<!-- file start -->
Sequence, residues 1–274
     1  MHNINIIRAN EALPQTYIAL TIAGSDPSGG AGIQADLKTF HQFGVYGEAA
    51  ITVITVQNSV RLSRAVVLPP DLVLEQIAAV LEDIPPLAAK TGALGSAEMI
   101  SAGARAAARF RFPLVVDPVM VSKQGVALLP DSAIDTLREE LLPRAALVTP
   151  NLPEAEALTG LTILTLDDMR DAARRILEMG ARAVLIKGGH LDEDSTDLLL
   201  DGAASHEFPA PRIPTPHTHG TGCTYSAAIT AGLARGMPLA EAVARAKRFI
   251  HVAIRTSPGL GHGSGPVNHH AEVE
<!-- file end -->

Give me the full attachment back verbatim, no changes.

Sequence, residues 1–274
     1  MHNINIIRAN EALPQTYIAL TIAGSDPSGG AGIQADLKTF HQFGVYGEAA
    51  ITVITVQNSV RLSRAVVLPP DLVLEQIAAV LEDIPPLAAK TGALGSAEMI
   101  SAGARAAARF RFPLVVDPVM VSKQGVALLP DSAIDTLREE LLPRAALVTP
   151  NLPEAEALTG LTILTLDDMR DAARRILEMG ARAVLIKGGH LDEDSTDLLL
   201  DGAASHEFPA PRIPTPHTHG TGCTYSAAIT AGLARGMPLA EAVARAKRFI
   251  HVAIRTSPGL GHGSGPVNHH AEVE